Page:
Parliament: New Bill tabled to ban public consumption of alcohol from 10.30pm to 7am islandwide

SINGAPORE -The drinking of alcohol between 10.30pm to 7am in public places, including parks and HDB void decks, could soon be banned if the new Liquor Control (Supply and Consumption) Bill tabled in Parliament on Monday is eventually passed.

Retail shops islandwide will also not be allowed to sell take-away liquor from 10.30pm.

In the proposed Bill, people found guilty of drinking after 10.30pm in a public place will face a fine of up to $1,000. A repeat offender will not just face the possibility of a fine of up to $2,000, but also a jail-term of up to three months.

A licensee who sells alcohol beyond trading hours stipulated in its licence may be liable to a fine not exceeding $10,000.


The Bill allows for areas where there is a higher risk of public disorder associated with excessive drinking to be designated as Liquor Control Zones.

These areas will have stricter restrictions on public drinking and the sale of alcohol on weekends and during public holidays, similar to rules currently in place in Little India following Dec 8's riot there. Flouting the new rules in these zones will carry 1.5 times the penalty. Areas in Little India and Geylang are expected to be designated as Liquor Control Zones.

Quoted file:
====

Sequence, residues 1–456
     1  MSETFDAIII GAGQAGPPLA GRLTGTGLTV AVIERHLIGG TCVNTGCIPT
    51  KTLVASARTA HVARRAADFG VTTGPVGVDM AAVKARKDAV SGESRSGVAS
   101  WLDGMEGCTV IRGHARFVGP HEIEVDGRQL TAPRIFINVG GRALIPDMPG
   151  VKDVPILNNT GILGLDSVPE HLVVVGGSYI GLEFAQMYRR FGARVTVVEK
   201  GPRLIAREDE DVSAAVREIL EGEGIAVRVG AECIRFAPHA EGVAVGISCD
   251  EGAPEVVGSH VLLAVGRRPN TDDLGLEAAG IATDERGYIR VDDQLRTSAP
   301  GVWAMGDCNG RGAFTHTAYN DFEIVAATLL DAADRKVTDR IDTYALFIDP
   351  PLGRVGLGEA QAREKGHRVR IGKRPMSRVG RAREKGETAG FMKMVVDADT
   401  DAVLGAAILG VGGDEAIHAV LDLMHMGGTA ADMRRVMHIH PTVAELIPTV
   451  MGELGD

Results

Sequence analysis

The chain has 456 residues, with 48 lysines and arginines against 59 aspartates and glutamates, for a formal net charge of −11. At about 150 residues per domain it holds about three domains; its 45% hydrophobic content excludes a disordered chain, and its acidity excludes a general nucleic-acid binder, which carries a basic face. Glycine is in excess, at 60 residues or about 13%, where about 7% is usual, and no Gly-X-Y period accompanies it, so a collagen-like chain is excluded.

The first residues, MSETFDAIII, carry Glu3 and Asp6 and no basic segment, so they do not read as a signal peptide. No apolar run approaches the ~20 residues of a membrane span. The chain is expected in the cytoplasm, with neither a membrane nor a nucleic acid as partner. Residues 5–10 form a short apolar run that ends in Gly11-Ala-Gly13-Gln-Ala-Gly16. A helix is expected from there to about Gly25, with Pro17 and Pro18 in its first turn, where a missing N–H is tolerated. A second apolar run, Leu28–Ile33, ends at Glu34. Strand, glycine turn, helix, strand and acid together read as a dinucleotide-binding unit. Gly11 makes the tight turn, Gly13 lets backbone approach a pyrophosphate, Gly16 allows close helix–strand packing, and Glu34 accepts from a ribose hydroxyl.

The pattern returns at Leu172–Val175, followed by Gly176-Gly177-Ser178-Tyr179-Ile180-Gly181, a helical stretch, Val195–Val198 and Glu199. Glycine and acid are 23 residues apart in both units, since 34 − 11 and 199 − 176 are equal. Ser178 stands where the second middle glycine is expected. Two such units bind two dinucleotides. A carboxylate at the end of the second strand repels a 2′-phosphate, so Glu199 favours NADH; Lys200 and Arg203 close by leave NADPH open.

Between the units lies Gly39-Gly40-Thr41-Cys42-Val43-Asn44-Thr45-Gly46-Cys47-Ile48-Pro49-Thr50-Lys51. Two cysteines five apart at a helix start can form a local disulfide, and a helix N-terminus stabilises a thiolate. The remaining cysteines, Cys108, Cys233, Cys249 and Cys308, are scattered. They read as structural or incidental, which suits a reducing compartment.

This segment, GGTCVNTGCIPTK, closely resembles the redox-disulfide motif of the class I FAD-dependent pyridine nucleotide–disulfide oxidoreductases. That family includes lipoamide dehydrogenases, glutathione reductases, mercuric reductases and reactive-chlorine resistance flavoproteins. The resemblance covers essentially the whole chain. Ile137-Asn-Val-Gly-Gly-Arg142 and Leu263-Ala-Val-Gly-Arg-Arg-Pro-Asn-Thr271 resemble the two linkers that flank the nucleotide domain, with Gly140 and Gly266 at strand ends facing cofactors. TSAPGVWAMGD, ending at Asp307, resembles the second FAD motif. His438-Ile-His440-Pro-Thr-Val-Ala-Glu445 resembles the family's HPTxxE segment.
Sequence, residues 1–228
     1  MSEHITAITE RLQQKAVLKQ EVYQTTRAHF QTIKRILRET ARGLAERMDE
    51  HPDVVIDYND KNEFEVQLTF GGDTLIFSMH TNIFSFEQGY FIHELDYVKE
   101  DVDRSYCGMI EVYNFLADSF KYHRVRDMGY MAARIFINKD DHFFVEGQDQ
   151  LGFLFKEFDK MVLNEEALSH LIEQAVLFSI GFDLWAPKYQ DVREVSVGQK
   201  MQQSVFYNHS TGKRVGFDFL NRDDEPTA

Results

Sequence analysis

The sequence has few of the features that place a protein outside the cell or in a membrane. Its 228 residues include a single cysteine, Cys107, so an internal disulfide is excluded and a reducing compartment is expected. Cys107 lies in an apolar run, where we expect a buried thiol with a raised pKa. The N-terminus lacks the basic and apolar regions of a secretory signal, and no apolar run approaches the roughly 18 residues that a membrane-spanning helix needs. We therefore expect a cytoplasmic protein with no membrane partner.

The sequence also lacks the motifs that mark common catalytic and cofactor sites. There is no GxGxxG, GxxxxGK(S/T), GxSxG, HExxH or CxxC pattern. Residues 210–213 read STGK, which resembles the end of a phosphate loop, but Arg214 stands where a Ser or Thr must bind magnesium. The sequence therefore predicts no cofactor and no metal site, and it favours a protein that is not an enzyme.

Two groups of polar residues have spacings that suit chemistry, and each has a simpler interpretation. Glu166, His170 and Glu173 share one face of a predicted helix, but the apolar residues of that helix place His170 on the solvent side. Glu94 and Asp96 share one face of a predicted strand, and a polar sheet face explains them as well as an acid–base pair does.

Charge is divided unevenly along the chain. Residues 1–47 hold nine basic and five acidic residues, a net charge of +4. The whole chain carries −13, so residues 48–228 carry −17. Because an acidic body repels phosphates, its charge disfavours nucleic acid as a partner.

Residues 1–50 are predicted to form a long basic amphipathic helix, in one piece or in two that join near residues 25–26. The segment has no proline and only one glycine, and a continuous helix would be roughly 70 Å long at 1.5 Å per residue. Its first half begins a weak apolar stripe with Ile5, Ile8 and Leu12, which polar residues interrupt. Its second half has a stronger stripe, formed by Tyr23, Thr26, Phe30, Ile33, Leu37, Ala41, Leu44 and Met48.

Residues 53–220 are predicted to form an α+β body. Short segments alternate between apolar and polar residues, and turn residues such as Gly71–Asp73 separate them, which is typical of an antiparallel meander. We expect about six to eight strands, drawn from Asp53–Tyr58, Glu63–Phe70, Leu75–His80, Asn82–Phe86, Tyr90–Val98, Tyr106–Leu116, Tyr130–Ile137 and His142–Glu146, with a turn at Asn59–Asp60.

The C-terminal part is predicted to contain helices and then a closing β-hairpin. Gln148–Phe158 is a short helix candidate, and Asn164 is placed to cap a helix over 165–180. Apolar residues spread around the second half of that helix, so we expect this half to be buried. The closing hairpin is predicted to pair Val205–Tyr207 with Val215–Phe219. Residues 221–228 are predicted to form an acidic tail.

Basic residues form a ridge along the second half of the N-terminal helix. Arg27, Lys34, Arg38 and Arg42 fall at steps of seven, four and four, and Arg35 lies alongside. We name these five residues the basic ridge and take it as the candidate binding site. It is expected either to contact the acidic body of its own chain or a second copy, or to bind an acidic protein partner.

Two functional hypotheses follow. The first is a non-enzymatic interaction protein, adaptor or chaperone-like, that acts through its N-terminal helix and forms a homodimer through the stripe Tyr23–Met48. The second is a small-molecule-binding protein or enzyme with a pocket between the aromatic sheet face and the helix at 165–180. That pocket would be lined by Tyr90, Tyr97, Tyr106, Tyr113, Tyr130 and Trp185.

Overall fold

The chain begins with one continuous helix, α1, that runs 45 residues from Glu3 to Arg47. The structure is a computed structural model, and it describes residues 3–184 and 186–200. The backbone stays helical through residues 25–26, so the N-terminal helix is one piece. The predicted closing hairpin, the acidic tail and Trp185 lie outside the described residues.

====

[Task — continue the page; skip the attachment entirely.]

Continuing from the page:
Police will be given powers to tell someone who is drunk and annoying others to leave a public place and to dispose of the liquor. Failure to comply could land the person in jail for up to six months.

The Ministry of Home Affairs (MHA) began its review on alcohol laws in September 2012, after complaints about drunkenness in public places. Its two public consultation exercises between October 2013 and August last year showed broad support for restrictions on public drinking and the sale of alcohol.

Explaining why it chose 10.30pm as the cut-off point, the MHA said: "The timing is aligned with community events in residential estates which conclude at 10.30pm, to minimise noise and disturbance to the surrounding residents. Most shops will also be closed by then."

People can continue drinking in licensed premises such as restaurants, coffee shops and bars, and their homes. Extension of retail sale hours for take-away liquor beyond 10.30pm may be granted on a case-by-case basis. For instance, organisers of events such as New Year's countdown parties held in public places will have to apply for a permit to sell and drink alcohol beyond 10.30pm.


Those holding small get-togethers in public places will be subject to the same rules. For instance, a liquor consumption permit will be needed if people want to drink after 10.30pm during a BBQ in a public park. The permit will be on top of the one required from NParks for the barbeque pit.

The MHA, which studied liquor control measures in cities in Australia, the US and Britain, said most of the liquor rules on public drinking and the sale of alcohol in those places are more restrictive than the ones it has proposed for Singapore.


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